J.x <- 10
J.y <- 10
J <- J.x * J.y
# Abundance ---------------------------
beta <- c(5, 0.5, -0.2, 0.75)
p <- length(beta)
mu.RE <- list()
mu.RE <- list(levels = c(35, 40),
sigma.sq.mu = c(0.7, 1.5),
beta.indx = list(1, 1))
# Spatial parameters ------------------
sp <- TRUE
svc.cols <- c(1, 2)
p.svc <- length(svc.cols)
cov.model <- "exponential"
sigma.sq <- runif(p.svc, 0.4, 4)
phi <- runif(p.svc, 3/1, 3/0.6)
tau.sq <- 2
z <- rbinom(J, 1, 0.5)
# Get all the data
dat <- simAbund(J.x = J.x, J.y = J.y, beta = beta, tau.sq = tau.sq,
mu.RE = mu.RE, sp = sp, svc.cols = svc.cols,
family = 'zi-Gaussian', cov.model = cov.model,
sigma.sq = sigma.sq, phi = phi, z = z)
# Get data in format for spAbundance --------------------------------------
y <- dat$y
X <- dat$X
X.re <- dat$X.re
coords <- dat$coords
# Package all data into a list
covs <- cbind(X, X.re)
colnames(covs) <- c('int', 'cov.1', 'cov.2', 'cov.3', 'factor.1', 'factor.2')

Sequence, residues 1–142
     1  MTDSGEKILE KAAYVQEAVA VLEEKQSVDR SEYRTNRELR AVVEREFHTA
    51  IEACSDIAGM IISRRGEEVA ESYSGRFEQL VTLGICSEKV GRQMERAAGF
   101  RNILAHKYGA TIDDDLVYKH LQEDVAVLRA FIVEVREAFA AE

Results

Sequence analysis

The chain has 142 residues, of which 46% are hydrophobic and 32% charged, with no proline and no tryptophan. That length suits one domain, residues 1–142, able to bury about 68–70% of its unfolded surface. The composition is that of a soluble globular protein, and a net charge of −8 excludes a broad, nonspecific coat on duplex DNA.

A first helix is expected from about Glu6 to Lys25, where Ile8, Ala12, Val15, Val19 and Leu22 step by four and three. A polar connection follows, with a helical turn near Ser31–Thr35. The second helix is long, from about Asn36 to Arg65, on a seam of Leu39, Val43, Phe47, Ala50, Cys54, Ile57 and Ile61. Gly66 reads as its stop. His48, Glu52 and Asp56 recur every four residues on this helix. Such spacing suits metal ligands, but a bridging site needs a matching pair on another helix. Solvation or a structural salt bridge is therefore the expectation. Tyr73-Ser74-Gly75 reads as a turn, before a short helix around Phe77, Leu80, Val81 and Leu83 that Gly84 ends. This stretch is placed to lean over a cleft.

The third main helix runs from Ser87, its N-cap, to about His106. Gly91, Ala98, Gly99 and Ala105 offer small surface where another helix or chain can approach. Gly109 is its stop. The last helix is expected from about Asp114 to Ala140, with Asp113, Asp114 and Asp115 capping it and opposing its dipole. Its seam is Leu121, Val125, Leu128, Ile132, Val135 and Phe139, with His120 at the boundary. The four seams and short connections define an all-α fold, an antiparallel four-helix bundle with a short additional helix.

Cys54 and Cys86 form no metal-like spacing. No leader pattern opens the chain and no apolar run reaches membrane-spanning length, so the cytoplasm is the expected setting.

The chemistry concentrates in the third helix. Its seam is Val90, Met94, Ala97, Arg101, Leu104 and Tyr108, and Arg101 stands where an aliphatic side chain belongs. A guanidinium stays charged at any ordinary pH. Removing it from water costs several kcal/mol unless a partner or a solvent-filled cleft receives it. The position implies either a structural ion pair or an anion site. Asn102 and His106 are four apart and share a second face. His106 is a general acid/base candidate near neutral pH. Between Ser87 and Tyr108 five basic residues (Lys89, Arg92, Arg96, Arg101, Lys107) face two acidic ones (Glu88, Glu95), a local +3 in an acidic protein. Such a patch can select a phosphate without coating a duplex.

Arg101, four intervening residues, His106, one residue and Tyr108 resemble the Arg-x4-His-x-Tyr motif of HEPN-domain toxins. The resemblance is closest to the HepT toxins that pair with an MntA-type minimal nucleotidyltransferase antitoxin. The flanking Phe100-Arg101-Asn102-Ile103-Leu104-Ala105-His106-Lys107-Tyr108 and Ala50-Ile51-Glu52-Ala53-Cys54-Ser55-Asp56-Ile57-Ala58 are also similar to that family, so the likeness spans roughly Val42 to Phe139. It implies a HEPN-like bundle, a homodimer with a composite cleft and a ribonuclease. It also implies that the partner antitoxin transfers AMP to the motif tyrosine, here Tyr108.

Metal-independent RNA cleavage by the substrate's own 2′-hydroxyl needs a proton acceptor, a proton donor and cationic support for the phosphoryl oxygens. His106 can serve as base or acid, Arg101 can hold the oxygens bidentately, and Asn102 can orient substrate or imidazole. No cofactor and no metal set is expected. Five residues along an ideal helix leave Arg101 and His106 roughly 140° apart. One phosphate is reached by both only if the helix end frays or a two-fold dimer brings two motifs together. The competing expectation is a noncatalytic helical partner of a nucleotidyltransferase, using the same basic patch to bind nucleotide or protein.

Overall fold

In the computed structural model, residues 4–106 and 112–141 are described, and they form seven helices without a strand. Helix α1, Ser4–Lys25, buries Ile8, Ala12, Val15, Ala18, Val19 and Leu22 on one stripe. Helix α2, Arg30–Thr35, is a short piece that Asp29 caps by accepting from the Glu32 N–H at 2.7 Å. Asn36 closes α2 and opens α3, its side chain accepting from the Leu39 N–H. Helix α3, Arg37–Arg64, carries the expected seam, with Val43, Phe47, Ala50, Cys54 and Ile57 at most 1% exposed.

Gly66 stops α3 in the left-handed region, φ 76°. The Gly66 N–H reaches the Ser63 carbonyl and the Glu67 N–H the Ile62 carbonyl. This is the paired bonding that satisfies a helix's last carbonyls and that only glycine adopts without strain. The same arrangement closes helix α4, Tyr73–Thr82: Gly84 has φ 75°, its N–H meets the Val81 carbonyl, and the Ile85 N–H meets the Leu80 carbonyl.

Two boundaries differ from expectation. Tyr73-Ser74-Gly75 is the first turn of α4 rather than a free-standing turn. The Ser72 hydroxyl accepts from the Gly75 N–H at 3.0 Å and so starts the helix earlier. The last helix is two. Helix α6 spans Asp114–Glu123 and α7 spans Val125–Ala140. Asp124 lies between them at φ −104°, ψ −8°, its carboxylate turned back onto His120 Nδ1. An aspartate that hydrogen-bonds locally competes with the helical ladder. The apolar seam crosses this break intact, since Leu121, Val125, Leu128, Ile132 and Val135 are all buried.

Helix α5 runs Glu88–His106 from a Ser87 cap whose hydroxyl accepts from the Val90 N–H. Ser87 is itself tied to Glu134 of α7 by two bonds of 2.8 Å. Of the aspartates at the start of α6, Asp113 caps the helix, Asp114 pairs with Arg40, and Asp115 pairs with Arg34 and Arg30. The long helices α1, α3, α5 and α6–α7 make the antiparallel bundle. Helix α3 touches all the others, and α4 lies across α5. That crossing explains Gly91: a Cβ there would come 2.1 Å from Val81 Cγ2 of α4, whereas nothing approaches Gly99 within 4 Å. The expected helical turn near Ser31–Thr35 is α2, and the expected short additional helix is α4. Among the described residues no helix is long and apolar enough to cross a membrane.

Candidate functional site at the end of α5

# Data list bundle
data.list <- list(y = y, covs = covs, coords = coords, z = z)
# Priors
prior.list <- list(beta.normal = list(mean = 0, var = 1000),
sigma.sq.ig = list(a = 2, b = 1), tau.sq = c(2, 1),
sigma.sq.mu.ig = list(a = 2, b = 1),
phi.unif = list(a = 3 / 1, b = 3 / 0.1))
# Starting values
inits.list <- list(beta = 0, alpha = 0,
sigma.sq = 1, phi = 3 / 0.5,
tau.sq = 2, sigma.sq.mu = 0.5)
# Tuning
tuning.list <- list(phi = 1)
n.batch <- 10
batch.length <- 25
n.burn <- 100
n.thin <- 1
out <- svcAbund(formula = ~ cov.1 + cov.2 + cov.3 +
(1 | factor.1) + (1 | factor.2),
svc.cols = c(1, 2),
data = data.list,
n.batch = n.batch,
batch.length = batch.length,
inits = inits.list,
priors = prior.list,
accept.rate = 0.43,
family = 'zi-Gaussian',
cov.model = "exponential",
tuning = tuning.list,
n.omp.threads = 1,
verbose = TRUE,
NNGP = TRUE,